When I moved back to Israel in 2009, after spending the 1st part of my professional career in Canada, I knew I wanted to do something about Israel’s problematic international image.
So, I launched a magazine that aimed to showcase the Israel I loved that wasn’t making it to the news.
On the surface, 18 Magazine was a business & culture magazine aimed for a discerning International audience. At that point, the only other stories coming out of israel were J-Post pieces intended for sock and sandal wearing Jews in the diaspora or the ad-filled Atmosphere Magazine they put out on El Al flights that you would read from cover to cover before take-off.
I got top contributors on board even though I had a limited budget. I worked with top designer David Haliva to give the content a sexy and contemporary look and feel. The content was smart and thoughtful. We acted as if we were going places and despite the fact that no one had heard of us or knew exactly how much (little) money our mysterious investor had actually put down, we were successful in creating great buzz around the magazine.
For our launch party, we had 1200 people show up and right after that, the ministry of Foreign Affairs agreed to purchase 5000 copies of the following issues to distribute through the worldwide embassies and consulates. For a brief moment we felt that we were on the right track and that not only were we going to be successful with the magazine, but that we had unchained a series of events that were really about to change the way the country was perceived globally.
To this day, 18 Magazine still looks fresh, even though almost 8 years have gone by. The design was timeless and the writing was smart. It indeed was propaganda as Dr. Blochman from the Goethe Institute said, but it was heartfelt and sincere. It was strategic and purposefull.
Good presentation is important, but it’s not the core. It’s just the standard to be taken seriously. The real lesson, is getting locals to buy in to the story youâ€™re telling before you expect globals to. That’s the difference between advertising and branding. Advertising just pushes a pretty story. Branding is more meaningful and encompassing. It starts with the product and not the campaign.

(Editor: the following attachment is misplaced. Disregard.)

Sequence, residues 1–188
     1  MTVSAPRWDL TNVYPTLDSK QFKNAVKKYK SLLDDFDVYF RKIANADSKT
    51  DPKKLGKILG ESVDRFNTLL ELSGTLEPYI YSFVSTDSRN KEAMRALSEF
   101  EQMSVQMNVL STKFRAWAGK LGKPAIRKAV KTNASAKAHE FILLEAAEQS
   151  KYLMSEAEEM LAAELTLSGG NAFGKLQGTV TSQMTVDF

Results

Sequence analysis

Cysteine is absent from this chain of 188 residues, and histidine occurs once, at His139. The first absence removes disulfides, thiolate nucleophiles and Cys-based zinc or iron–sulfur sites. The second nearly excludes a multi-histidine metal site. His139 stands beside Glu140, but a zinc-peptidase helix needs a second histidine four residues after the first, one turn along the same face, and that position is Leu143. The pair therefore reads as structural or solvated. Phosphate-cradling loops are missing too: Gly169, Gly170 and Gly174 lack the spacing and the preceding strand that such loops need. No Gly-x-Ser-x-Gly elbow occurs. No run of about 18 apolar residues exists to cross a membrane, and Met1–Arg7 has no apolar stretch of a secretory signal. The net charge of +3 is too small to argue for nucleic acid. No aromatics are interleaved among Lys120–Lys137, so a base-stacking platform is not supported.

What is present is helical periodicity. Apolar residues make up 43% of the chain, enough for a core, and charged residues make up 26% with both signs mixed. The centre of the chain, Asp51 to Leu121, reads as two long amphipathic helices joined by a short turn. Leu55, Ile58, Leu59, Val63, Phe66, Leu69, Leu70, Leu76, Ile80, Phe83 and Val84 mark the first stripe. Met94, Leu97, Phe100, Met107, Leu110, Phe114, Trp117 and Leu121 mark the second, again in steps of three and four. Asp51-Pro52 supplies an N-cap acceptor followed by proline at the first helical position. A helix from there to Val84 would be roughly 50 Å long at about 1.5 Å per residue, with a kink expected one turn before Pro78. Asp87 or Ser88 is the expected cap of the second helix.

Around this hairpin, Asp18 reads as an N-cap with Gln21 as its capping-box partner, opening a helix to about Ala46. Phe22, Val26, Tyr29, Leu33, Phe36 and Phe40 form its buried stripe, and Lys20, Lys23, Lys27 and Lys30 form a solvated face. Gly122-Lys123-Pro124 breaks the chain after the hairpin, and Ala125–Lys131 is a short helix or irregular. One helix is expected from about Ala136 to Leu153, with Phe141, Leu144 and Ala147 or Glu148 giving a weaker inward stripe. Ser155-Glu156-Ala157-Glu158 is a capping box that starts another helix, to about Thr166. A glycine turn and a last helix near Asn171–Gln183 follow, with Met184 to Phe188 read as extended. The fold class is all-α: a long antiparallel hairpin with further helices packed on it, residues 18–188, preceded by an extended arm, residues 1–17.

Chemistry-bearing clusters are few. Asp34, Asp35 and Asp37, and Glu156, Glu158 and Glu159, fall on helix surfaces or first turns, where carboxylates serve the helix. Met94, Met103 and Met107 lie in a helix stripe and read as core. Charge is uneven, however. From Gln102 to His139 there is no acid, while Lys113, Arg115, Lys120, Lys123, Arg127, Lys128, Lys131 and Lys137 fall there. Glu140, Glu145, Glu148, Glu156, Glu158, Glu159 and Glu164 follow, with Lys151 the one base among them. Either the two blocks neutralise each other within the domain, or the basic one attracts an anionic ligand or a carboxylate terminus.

2009-2010 was the beginning of Start-Up Nation. Everyone was talking about innovation, start-ups and exits. People were talking about Israel in a more confident and international manner. In the years that followed, Tel Aviv truly has transformed into a confident city that comfortably speaks about creative energy, endless opportunity and unparalleled lifestyle.
Key Ingredients to successful storytelling:
- If it’s too corporate, then it’s too boring. The CEO needs to be featured alongside the academic and between them you need to feature the little hipster who opened a gluten free pizzeria.
- If a story looks too good to be true then it usually is. The key to creating compelling content is the 90/10 rule. The 10% needs to be critical to give the semblance of objectivity. No one likes being fed a line. Also, people like the feeling of discovering the content on their own.
- When developing the table of content, we used something we called the Rule of Mexico. Ie. if this story happened in Mexico (which we knew nothing of at the time) would we still find it interesting?
- Supermarkets. Perhaps this was only my own thing, but whenever I travel to a new place, I like starting out at the local supermarket. This always gives an insider look at a place, whether it’s how the aisles are stocked or it’s seeing labels in a foreign language.
- Faces. I remember once reading a piece about Aleppo in Monocle (before the troubles) and being pleasantly surprised at the faces that appeared in the article. Whether it was a PR woman, a hotelier or a bartender, these were all faces you didn’t associate with Syria at the time and rather ones you would expect to see in Zurich or Frankfurt. The novelty of it created a powerful effect on the reader and changed perceptions without even a word. I continue to believe in the power of faces.
An end & a new beginning:
Publishing is not a business for the faint of heart. I decided to fold after 2 issues and return to working with clients. But the end of 18 didn’t diminish my desire to tell stories and change perceptions about places. It was almost like a drug where you crave that first hit, that 1st jolt of excitement at discovering a place and sharing it with the world. To really know a place requires you to be fluent and curious about so many things, from politics, to culture to architecture, infrastructure and sports. It also requires you to like people and have the willingness and patience to discover and bring out their good sides.